Precipitation-hardened nickel-based alloys have been used for decades in the oil and gas industry. Among these alloys, UNS1 N07718 has received the most attention for use in upstream applications such as tubing hangers, production stab plate, multiphase flowmeter bodies, and valve stems because of its performance in sour wellbore fluids (SWFs) and hydrogen-charging environments.
Low alloy steels (LASs) combine relatively low cost with exceptional mechanical properties, making LASs commonplace in Oil and Gas equipment. However, the strength and hardness of LASs for sour environments and for applications that generate atomic hydrogen at the surface, e.g., cathodic protection, is limited to prevent different forms of hydrogen embrittlement (HE) such as hydrogen stress cracking (HSC) and sulfide stress cracking (SSC). As a result, the specified minimum yield strength (SMYS) of forged LASs for, e.g., subsea components, rarely exceeds 550 MPa (80 ksi), while the most common pipeline steels are API(1) X65 to X70, with a SMYS of 450 MPa (65 ksi) and 482 MPa (70 ksi), respectively. Moreover, ISO(2) 15156-2 restricts LASs to a maximum of 1.0 wt% Ni due to SSC concerns. The LASs that exceed the ISO 15156-2 limit have to be qualified for service, lowering their commercial appeal.
In this work, the HSC resistance of the high-nickel (3.41 wt%), quenched and tempered (Q&T), nuclear-grade ASTM(3) A508 Gr.4N LAS was investigated using slow strain rate testing (SSRT) as a function of applied cathodic potential. Results showed that the yield strength (YS) and ultimate tensile strength (UTS) were unaffected by hydrogen, even at a high negative potential of -2.0 VAg/AgCl. HE effects were observed once the material started necking, manifested by a loss in ductility with increasing applied cathodic potentials. Indeed, A508 Gr.4N was less affected by H at high cathodic potentials than a low-strength (YS = 340 MPa) ferritic-pearlitic LAS of similar nickel content. SSRT results were linked to microstructure features, which were characterized by light optical microscopy (LOM), scanning electron microscopy (SEM) coupled to electron backscatter diffraction (EBSD).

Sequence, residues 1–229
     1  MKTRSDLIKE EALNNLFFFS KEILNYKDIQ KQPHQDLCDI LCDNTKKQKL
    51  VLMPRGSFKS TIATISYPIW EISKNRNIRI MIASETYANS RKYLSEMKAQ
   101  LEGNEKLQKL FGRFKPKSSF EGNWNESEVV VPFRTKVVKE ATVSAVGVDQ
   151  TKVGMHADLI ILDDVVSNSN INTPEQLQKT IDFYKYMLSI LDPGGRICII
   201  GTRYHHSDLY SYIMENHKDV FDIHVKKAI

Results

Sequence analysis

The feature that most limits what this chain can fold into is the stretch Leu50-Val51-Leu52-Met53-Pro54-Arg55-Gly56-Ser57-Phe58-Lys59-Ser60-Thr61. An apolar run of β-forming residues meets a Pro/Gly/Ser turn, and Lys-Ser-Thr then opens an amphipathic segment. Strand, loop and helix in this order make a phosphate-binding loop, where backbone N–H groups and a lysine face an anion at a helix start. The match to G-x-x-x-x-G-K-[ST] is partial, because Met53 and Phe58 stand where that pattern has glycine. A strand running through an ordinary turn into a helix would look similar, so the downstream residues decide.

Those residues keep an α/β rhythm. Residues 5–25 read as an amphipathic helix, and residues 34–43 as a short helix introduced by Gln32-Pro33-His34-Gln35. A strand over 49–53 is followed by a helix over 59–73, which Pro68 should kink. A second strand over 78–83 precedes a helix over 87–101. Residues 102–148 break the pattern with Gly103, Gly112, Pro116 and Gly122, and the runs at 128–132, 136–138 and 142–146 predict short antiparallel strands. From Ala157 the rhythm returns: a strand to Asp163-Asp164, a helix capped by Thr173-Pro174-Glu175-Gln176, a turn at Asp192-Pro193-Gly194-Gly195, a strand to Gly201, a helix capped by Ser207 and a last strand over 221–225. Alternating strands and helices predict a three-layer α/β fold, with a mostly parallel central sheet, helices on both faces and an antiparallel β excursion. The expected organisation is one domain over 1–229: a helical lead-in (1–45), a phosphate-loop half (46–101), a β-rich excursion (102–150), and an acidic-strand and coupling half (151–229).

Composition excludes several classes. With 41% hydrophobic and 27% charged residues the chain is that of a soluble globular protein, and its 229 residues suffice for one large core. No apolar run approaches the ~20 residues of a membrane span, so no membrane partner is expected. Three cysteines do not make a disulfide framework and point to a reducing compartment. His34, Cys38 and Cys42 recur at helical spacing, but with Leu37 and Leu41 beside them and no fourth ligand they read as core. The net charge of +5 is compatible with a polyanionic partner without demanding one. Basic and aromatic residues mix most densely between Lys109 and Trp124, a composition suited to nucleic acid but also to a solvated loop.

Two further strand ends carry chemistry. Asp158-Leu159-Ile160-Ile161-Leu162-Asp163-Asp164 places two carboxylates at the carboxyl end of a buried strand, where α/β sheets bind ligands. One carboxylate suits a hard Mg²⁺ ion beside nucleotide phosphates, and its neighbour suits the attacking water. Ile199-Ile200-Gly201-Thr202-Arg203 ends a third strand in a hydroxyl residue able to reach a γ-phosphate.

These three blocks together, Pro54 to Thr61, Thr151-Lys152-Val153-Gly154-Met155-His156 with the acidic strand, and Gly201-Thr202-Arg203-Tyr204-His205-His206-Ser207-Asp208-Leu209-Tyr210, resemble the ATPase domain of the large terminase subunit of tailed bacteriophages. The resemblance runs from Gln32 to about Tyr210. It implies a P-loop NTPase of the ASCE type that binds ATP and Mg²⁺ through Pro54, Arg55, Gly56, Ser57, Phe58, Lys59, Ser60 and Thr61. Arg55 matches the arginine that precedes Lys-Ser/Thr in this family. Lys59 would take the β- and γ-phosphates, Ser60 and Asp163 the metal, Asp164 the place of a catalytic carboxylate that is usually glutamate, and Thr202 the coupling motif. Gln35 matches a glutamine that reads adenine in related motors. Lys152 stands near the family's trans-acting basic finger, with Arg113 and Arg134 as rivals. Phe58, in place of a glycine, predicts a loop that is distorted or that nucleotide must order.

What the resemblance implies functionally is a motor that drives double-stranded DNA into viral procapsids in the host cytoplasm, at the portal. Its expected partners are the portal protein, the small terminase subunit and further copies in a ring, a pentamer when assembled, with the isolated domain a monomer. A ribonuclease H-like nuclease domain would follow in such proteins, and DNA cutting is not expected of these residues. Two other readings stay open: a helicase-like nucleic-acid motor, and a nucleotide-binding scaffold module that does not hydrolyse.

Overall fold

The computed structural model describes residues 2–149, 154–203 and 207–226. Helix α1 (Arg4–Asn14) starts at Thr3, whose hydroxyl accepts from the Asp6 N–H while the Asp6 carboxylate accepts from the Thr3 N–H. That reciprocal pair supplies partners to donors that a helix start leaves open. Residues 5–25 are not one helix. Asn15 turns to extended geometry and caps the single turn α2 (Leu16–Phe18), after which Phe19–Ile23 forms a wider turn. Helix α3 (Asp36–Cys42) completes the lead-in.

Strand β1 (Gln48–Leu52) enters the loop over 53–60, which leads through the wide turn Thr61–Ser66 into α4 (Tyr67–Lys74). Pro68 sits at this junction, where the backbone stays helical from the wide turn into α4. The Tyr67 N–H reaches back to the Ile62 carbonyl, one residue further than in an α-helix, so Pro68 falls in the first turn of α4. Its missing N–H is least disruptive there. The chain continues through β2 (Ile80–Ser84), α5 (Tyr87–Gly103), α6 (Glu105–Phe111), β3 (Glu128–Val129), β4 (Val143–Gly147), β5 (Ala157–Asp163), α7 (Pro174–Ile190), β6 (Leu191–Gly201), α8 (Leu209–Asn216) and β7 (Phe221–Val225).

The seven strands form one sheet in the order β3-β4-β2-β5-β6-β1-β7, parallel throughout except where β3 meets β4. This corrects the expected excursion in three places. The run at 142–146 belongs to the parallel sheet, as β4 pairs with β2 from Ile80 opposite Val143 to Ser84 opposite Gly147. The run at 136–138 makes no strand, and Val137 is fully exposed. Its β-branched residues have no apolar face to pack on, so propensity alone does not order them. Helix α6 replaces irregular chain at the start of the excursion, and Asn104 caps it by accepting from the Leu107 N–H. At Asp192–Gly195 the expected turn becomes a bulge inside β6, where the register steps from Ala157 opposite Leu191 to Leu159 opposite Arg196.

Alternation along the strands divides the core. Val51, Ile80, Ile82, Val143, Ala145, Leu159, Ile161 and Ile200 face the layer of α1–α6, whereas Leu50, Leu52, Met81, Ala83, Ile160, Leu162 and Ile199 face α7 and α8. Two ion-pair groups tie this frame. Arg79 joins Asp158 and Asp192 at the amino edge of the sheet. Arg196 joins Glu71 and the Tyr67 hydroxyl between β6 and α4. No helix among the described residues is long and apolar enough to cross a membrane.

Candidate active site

NEW TITLE AVAILABLE NOW!! The main objective for Dr. Ali Morshed's new book, A Practical Guide to Microbiologically Influenced Corrosion (MIC) in the Upstream Oil & Gas Sector, was to produce a practical MIC guide to facilitate the identification, monitoring, assessment, and control of bacterial activity and MIC that might arise within assets associated with the upstream oil and gas sector.
“Practical” refers to content that can be readily related to various bacterial and MIC scenarios, which are likely to arise for any upstream operator and (a content which) can be easily used to resolve, rectify, or improve such MIC scenarios.
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Five relevant and informative case studies are also included.
2023 AMPP, 114 pgs
New for 2018! This NACE International state-of-the-art report contains information about materials that provide a corrosion-resistant alternative to plain carbon steel reinforcing bar (rebar). The report is intended for use by engineers when considering the use of alternative concrete reinforcement and post- or prestressing strand materials with higher corrosion resistance than that of conventional carbon steel alloys.